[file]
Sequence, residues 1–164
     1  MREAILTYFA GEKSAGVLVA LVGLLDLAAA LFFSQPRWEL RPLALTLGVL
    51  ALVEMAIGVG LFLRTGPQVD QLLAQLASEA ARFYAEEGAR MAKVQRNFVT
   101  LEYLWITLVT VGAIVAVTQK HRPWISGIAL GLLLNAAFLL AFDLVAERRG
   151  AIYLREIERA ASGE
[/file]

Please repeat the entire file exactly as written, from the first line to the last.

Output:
Sequence, residues 1–164
     1  MREAILTYFA GEKSAGVLVA LVGLLDLAAA LFFSQPRWEL RPLALTLGVL
    51  ALVEMAIGVG LFLRTGPQVD QLLAQLASEA ARFYAEEGAR MAKVQRNFVT
   101  LEYLWITLVT VGAIVAVTQK HRPWISGIAL GLLLNAAFLL AFDLVAERRG
   151  AIYLREIERA ASGE